The external fund manager backed by Berkshire Hathaway’s Charlie Munger, Li Lu, makes no bones about it when he says ‘The biggest investment risk is not the volatility of prices, but whether you will suffer a permanent loss of capital.’ So it seems the smart money knows that debt – which is usually involved in bankruptcies – is a very important factor, when you assess how risky a company is. We note that CSP Inc. (NASDAQ:CSPI) does have debt on its balance sheet. But is this debt a concern to shareholders?
What Risk Does Debt Bring?
Generally speaking, debt only becomes a real problem when a company can’t easily pay it off, either by raising capital or with its own cash flow. Part and parcel of capitalism is the process of ‘creative destruction’ where failed businesses are mercilessly liquidated by their bankers. However, a more frequent (but still costly) occurrence is where a company must issue shares at bargain-basement prices, permanently diluting shareholders, just to shore up its balance sheet. Of course, the upside of debt is that it often represents cheap capital, especially when it replaces dilution in a company with the ability to reinvest at high rates of return. When we examine debt levels, we first consider both cash and debt levels, together.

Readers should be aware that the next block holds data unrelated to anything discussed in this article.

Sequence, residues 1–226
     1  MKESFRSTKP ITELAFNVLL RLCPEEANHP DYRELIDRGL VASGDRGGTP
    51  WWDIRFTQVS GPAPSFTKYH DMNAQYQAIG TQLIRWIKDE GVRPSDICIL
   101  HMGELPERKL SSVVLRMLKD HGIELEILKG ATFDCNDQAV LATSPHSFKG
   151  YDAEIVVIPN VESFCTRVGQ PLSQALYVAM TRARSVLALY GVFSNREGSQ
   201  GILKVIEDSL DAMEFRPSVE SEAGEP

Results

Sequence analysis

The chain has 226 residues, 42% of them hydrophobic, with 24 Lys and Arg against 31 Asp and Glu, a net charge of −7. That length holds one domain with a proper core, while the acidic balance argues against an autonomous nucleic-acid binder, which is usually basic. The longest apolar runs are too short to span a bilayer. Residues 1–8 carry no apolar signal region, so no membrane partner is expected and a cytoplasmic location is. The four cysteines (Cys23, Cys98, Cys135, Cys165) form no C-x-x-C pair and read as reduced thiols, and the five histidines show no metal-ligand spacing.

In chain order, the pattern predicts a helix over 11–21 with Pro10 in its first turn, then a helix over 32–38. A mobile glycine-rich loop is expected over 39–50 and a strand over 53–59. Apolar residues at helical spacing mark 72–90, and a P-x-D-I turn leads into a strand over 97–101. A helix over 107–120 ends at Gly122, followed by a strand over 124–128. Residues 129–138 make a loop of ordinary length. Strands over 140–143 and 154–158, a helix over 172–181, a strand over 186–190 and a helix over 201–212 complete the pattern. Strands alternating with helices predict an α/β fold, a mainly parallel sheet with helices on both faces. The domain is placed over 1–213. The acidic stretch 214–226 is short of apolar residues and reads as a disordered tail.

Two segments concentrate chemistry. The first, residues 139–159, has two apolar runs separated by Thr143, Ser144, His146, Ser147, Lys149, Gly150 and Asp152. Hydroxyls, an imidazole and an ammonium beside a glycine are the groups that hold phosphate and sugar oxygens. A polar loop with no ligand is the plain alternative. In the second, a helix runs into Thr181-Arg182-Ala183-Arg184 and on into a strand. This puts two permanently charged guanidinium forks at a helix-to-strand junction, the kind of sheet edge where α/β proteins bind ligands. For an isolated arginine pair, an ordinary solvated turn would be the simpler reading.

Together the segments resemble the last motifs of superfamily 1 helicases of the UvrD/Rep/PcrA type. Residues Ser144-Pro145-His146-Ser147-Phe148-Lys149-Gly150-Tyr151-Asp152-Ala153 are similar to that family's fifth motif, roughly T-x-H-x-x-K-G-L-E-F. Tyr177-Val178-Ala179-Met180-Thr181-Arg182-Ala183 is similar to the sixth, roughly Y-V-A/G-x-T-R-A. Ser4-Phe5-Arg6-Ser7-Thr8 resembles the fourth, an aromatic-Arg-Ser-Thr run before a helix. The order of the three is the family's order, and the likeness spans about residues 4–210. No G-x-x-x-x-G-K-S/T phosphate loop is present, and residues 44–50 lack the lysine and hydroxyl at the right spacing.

What Is CSP’s Net Debt?
The image below, which you can click on for greater detail, shows that CSP had debt of US$3.36m at the end of June 2021, a reduction from US$5.71m over a year. But it also has US$19.7m in cash to offset that, meaning it has US$16.3m net cash.
How Strong Is CSP’s Balance Sheet?
According to the last reported balance sheet, CSP had liabilities of US$16.4m due within 12 months, and liabilities of US$13.5m due beyond 12 months. On the other hand, it had cash of US$19.7m and US$19.2m worth of receivables due within a year. So it can boast US$8.96m more liquid assets than total liabilities.
It’s good to see that CSP has plenty of liquidity on its balance sheet, suggesting conservative management of liabilities. Given it has easily adequate short term liquidity, we don’t think it will have any issues with its lenders. Simply put, the fact that CSP has more cash than debt is arguably a good indication that it can manage its debt safely. There’s no doubt that we learn most about debt from the balance sheet. But it is CSP’s earnings that will influence how the balance sheet holds up in the future.
Over 12 months, CSP made a loss at the EBIT level, and saw its revenue drop to US$53m, which is a fall of 23%. That makes us nervous, to say the least.
So How Risky Is CSP?
We have no doubt that loss making companies are, in general, riskier than profitable ones. And in the last year CSP had an earnings before interest and tax (EBIT) loss, truth be told. And over the same period it saw negative free cash outflow of US$133k and booked a US$83k accounting loss. While this does make the company a bit risky, it’s important to remember it has net cash of US$16.3m. That means it could keep spending at its current rate for more than two years. Even though its balance sheet seems sufficiently liquid, debt always makes us a little nervous if a company doesn’t produce free cash flow regularly.
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